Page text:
Does a $100 Surface 2 price cut mean the end of Windows RT? Not necessarily

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Credit: Kevin C. Tofel/Gigaom

I can’t figure out if Microsoft is really serious about Windows RT or not. In May the company reportedly pulled a Surface Mini tablet that was expected to run RT. It debuted a new Surface Pro model, which is easily the best Surface yet, at that time but didn’t update the Surface 2. Now it’s discounting the latest model of its Windows RT tablet by $100 for a limited time, leading some to speculate that RT, a version of Windows for chips used in phones and tablets, could be joining the tablet dead pool.

Surface Pro 2

Only Microsoft knows what the strategic vision is here, of course. But I’m not sold on the idea that Windows RT is dead quite yet or that this is the beginnings of a fire sale.

Bear in mind that the Surface Pro 3 tablet was updated quickly compared to the Surface Pro 2. [company]Microsoft[/company] needed to tweak the device to better compete against other ultrabooks, including [company]Apple[/company]’s MacBook Air. By comparison, the Surface 2 looks to be on a more traditional upgrade cycle and likely has less profit margin built in. If Microsoft was going to invest in an early device refresh, it made more sense to do so on the Pro line of hardware.

Windows consistency

Photo by Kevin Tofel/Gigaom

In terms of software, you can’t overlook one of the main themes of Microsoft’s Build developer event this past April: Universal apps will let developers create software that can run on any Microsoft device, be it a phone, tablet or PC. This approach can help overcome one of the bigger issues with Windows RT — the lack of certain applications. Granted, this will take time but it’s a thought that can help keep RT alive a bit longer.

I’m also not sure Microsoft wants to be beholden to [company]Intel[/company] forever. Yes, the WinTel alliance has helped Windows become the most used operating system on traditional computers. But it’s done little if anything for Microsoft on more mobile devices. Microsoft’s Windows RT effort was a chance to break out from the influence that Intel wields by using alternative processor technology based on IP from [company]ARM Holdings[/company] and its partners. That’s why I think Intel quickly brought Intel Atom into tablets and hybrids, even if it has to spend millions to subsidize the chips.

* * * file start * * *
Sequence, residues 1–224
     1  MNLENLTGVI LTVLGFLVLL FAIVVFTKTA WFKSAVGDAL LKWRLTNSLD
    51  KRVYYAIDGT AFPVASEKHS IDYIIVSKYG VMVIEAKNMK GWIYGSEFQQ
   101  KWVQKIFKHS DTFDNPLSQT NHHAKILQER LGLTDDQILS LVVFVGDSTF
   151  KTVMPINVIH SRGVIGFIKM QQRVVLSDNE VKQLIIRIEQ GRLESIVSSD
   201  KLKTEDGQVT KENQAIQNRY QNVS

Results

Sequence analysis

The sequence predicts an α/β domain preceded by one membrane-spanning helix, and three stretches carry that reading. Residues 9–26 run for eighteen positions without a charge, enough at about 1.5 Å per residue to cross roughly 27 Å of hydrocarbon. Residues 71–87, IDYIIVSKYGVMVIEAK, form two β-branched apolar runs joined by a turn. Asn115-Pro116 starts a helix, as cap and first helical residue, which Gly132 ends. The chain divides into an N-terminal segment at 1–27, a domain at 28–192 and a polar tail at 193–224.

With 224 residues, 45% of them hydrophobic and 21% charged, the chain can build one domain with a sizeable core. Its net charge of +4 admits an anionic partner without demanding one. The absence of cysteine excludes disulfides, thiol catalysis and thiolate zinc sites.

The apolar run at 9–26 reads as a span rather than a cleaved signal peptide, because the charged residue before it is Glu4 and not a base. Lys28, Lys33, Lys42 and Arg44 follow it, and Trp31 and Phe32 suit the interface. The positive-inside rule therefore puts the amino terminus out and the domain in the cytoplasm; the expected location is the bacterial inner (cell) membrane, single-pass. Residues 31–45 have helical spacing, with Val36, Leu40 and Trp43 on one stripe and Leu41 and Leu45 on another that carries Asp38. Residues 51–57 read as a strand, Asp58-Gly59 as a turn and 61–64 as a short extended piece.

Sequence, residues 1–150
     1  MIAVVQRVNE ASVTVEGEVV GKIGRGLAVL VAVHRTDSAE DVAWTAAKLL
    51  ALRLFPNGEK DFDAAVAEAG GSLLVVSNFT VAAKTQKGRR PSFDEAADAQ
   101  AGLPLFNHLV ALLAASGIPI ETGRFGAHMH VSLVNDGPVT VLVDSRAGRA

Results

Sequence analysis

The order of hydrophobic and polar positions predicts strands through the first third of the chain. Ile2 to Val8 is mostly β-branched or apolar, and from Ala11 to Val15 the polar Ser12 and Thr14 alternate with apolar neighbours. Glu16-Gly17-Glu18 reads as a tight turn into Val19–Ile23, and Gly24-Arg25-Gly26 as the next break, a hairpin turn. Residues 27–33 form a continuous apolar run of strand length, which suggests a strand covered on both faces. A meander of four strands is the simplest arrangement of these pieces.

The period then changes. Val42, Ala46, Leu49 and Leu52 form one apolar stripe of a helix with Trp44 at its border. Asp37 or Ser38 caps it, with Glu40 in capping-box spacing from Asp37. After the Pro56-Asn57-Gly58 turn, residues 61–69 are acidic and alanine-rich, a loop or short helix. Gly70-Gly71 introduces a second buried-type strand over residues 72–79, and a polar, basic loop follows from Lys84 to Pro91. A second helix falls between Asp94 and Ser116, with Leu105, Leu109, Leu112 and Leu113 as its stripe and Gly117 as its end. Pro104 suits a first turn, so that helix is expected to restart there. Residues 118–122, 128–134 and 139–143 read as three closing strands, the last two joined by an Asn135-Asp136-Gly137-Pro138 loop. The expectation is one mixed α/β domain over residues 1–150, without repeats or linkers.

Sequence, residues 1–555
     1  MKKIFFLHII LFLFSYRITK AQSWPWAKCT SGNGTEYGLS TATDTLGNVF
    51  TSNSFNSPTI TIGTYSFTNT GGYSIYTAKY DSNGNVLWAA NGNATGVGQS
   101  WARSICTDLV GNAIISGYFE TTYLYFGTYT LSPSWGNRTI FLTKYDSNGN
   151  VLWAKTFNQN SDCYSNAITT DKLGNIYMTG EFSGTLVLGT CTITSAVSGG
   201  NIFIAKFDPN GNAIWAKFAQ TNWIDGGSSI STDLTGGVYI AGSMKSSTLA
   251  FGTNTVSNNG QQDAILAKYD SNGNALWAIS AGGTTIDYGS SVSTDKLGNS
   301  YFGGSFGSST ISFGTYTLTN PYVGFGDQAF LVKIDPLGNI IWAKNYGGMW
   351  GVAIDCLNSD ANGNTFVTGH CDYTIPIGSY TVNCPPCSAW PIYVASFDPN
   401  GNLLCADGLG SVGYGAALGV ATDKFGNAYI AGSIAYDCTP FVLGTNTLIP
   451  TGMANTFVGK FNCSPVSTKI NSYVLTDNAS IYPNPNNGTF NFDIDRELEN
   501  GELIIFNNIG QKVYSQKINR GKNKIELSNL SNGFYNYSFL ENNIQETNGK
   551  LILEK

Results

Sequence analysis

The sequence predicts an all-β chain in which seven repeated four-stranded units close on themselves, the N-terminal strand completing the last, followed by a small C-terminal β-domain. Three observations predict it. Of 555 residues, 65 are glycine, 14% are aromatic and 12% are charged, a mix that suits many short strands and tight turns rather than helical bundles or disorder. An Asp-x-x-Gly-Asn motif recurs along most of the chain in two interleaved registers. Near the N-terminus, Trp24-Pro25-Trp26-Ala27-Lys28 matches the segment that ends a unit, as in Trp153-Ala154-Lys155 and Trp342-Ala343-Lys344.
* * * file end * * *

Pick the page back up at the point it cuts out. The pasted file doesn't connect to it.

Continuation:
Transformer Book T100 Back

I’m not suggesting Microsoft has a winner on its hands with the Surface 2 and Windows RT. Far from it. But I’m not sure the RT strategy has been fully played out yet, either. I’m expecting at least one more try for Windows RT before Microsoft fully scales Windows Phone up on a tablet, which it has already taken the first steps toward doing.

4 Comments

Luscious

Windows RT is the best “tablet OS” out there. For MS to scale it down by stripping the desktop or replacing it with Windows Phone is a backward step.

You can argue that not everybody needs full Windows on a tablet, but look at what’s become of the Surface Pro lineup. It’s expensive, but you get a device that works as a slate for content consumption, a notebook for content creation, and with it’s docking station can replace your desktop to do heavy-lifting:

http://lgponthemove.blogspot.com/2014/06/lifestyles-of-mobile-road-warrior.html

Don’t forget as well, we are talking about an operating system that has native 4-way keyboard, mouse, pen and touch input on a device that costs just $249 if we go with the original 32GB Surface RT. You won’t find another OS on a tablet, ARM or otherwise, that can match that.

Kevin C. Tofel

I’m sure for the way you work, everything you said applies and is accurate. The market is clearly stating otherwise based on device sales though.

Jeff Kibuule

Scaling up Windows Phone or scaling down Windows RT completely misses the point of “Threshold”, they will all literally become the same core OS, same app binaries, same APIs, same runtime. The UI/UX that a user sees will differ from one device class to the next, but the heavy investment and price to get the core of Windows running on ARM has already been paid. As such, any suggestion that Microsoft will “do away with Windows RT” means that person doesn’t understand how things will work in the future.

What remains to be seen is messaging and branding, since the distinction between Windows, Windows Phone, Windows RT, and even the Xbox Core OS will make no sense at a technical level, but the marketing team needs to make that info easily digestible for the public to understand. I actually wouldn’t be too surprised if Microsoft brings back “Windows Mobile” as weird as that may sound, to describe phone and no-desktop tablet versions of its OS.

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